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Going to work in the UK? Tax refunds explained

If you're going to the UK to work it's important to know a few UK tax facts to make sure you don't end up losing your money.

When you start work in the UK you need to make sure you give your employer your National Insurance Number so you avoid paying emergency tax – which is much higher than the normal UK tax rates. Your National Insurance Number (NIN) is the unique number allocated to you by the Department for Work and Pension in the UK. It allows you to work, pay taxes and access public services in the UK.

PAYE and Self-employed tax

Once you start working you will need to pay UK tax either as a PAYE employee (if you're a receptionist, nurse or a teacher for example) or as self-employed person, such as a construction subcontractor.

If you are PAYE your employer should deduct tax from your earnings each time you get paid. If you are self-employed you are responsible for your own UK tax return called a self-assessment tax return. As a self-employed in the UK you can claim back work-related expenses such as work tools, transport and dry cleaning your work uniform.

If you've started work already in the UK you will be paying 20% income tax on earnings above £1830 and 40% on any earnings over £36,401.

Claim your UK taxes back

If you do end up on the wrong tax code and overpay tax in the UK, you can claim this money back once you leave the UK or when the tax year ends on April 5th. You have up to six years to claim any overpaid UK tax.

If you want to find out how much you could be owed, you can use a free online tax refund calculator. To claim your UK tax refund, you need to file a tax return. A tax return is the annual submission of tax forms documenting your earnings, taxes paid, deductable expenses and benefits that you send to the HM Revenue & Customs for review. From this information it is determined whether you have overpaid tax and are owed a tax refund.

The amount of your UK tax refund depends on factors like:

  • Your earnings
  • Your expenses
  • Whether you worked the whole tax year
  • If you had more than one job at a time or changed jobs
  • Whether you have children
  • If your circumstances changed, eg: you became self-employed
  • If you took a break during or between employments

When choosing a tax return company, we recommend that you select companies which:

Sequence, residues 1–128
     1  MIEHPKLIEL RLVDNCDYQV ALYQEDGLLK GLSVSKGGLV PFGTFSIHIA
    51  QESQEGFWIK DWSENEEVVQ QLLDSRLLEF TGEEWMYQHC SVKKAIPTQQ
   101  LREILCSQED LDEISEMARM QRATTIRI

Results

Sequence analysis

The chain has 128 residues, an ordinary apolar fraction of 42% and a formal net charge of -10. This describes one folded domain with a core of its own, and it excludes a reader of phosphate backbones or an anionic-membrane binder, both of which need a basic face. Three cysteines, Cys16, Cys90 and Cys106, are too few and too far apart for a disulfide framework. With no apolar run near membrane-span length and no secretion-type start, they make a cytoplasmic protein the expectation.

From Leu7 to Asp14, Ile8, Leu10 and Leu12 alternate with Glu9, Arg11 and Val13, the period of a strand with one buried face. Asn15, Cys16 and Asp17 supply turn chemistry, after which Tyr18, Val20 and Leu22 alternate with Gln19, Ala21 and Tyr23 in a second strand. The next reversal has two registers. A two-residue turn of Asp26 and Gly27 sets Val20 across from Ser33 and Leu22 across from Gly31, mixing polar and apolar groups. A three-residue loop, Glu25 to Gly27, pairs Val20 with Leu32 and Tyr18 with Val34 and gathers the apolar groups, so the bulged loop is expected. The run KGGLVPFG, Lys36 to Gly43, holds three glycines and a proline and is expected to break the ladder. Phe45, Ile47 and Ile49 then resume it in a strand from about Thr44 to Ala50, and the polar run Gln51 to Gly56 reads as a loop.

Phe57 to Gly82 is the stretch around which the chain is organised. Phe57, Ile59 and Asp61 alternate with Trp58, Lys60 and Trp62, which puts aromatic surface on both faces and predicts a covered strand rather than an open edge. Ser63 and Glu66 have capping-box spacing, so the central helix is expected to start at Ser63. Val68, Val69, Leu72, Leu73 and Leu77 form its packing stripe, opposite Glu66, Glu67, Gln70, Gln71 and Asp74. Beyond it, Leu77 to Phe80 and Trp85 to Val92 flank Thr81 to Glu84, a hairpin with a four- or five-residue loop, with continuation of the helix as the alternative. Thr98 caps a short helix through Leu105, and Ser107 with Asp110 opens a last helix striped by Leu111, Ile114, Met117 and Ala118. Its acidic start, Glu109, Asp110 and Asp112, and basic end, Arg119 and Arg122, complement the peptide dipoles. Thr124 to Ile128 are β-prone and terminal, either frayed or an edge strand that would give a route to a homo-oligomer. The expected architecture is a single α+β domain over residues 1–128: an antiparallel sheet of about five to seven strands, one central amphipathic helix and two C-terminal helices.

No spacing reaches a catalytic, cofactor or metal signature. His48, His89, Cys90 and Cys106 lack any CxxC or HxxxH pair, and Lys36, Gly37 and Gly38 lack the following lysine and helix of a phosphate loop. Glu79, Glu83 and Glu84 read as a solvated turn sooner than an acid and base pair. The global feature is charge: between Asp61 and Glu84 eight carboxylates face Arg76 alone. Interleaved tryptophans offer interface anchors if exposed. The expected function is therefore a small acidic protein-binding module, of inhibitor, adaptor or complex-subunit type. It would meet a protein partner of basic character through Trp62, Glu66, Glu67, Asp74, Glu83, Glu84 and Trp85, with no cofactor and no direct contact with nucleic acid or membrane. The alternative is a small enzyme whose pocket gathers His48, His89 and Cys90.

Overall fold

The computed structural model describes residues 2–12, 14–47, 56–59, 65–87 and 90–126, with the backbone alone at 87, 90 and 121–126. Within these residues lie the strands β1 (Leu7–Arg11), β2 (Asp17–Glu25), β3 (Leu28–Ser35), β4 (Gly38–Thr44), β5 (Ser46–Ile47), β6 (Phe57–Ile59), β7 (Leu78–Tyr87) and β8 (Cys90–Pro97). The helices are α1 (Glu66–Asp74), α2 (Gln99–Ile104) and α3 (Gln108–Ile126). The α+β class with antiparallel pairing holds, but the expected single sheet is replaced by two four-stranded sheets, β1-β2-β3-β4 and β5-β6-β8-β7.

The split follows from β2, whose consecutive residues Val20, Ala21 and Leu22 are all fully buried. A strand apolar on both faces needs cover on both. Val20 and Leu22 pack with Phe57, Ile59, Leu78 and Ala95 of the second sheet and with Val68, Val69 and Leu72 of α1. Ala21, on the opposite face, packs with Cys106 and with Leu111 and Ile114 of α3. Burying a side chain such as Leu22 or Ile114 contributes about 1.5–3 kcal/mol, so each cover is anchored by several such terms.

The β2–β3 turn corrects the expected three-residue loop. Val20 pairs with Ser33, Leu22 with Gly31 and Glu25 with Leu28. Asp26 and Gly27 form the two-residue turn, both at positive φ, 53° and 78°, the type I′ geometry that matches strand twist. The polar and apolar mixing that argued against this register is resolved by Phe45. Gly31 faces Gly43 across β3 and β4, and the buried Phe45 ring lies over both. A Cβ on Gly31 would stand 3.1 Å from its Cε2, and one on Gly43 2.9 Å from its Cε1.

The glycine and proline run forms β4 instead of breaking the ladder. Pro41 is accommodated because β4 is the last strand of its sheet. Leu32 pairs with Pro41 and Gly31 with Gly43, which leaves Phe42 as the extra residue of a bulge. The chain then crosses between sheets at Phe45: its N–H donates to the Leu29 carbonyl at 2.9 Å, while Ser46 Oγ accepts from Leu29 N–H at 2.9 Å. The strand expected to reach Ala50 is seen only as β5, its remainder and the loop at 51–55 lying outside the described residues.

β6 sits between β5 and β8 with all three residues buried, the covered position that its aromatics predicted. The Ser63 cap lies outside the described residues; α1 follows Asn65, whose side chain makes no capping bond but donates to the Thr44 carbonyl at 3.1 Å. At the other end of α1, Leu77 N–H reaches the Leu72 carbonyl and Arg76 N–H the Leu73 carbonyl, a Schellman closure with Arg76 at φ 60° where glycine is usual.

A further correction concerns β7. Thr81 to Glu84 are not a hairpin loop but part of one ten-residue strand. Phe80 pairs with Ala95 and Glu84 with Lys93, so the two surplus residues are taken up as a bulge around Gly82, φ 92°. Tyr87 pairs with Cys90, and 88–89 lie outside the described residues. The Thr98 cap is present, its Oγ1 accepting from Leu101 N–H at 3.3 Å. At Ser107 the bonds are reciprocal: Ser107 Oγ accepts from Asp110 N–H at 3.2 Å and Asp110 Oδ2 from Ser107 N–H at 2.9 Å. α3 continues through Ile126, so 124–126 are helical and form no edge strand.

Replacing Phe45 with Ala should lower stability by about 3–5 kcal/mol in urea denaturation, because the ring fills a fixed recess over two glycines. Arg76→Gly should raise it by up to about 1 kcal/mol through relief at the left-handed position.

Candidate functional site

• Are HM Revenue & Customs registered agents
  • Have an office in the UK
  • Can guarantee that your tax refund will be 100% legal and safe

Cloud Accounting LLP

Cloud Accounting organises tax refunds for non-residents who work in the UK. We specialise in UK tax returns for PAYESelf-Employed and construction workers.

If you haven't set up your National Insurance Number yet, we can also help you with this.

Cloud Accounting customers get average UK tax refunds of £963 for PAYE and £1453 for construction workers' tax refunds.

How much Income Tax and National Insurance you should pay

As an employee, you pay Income Tax and National Insurance on your wages through the PAYE system. It’s important to check you have the right tax code and are paying the right amount.

  • Do you need to pay Income Tax and National Insurance?
  • How much can you earn before you need to pay Income Tax?
  • How much can you earn before you need to pay National Insurance?
  • What’s the difference between gross and net pay?
  • How is tax and National Insurance paid?
  • How PAYE works
  • What is a tax code?
  • What is an emergency tax code?
  • Tips and bonuses
  • Benefits in kind

Do you need to pay Income Tax and National Insurance?

You can earn a certain amount of income each year, called your Personal Allowance, before you need to pay any Income Tax.?

Got a question?

Our advisers will point you in the right direction.

Start a webchat online or call us on 0800 138 1677.

In general, not everyone may get the same Personal Allowance of £12,500 for the tax year 2019/20. A tax year runs from the 6th April to the 5th April.

The personal allowance is a fixed amount set against your gross income (your income before tax or any other deductions are taken) that allows you to receive that much income free of tax in a tax year.?

Received a loan from your employer?

This could be seen as tax avoidance and subject to a loan charge. HMRC have asked people who have been part of disguised remuneration schemes to come forward and provide information.

Further support is available on a dedicated HMRC helpline on 0300 0534 226.

However, you might get a smaller personal allowance if your income is over £100,000 or if you owe tax from a previous tax year. You might also get a larger Personal Allowance if you have overpaid tax from a previous tax year.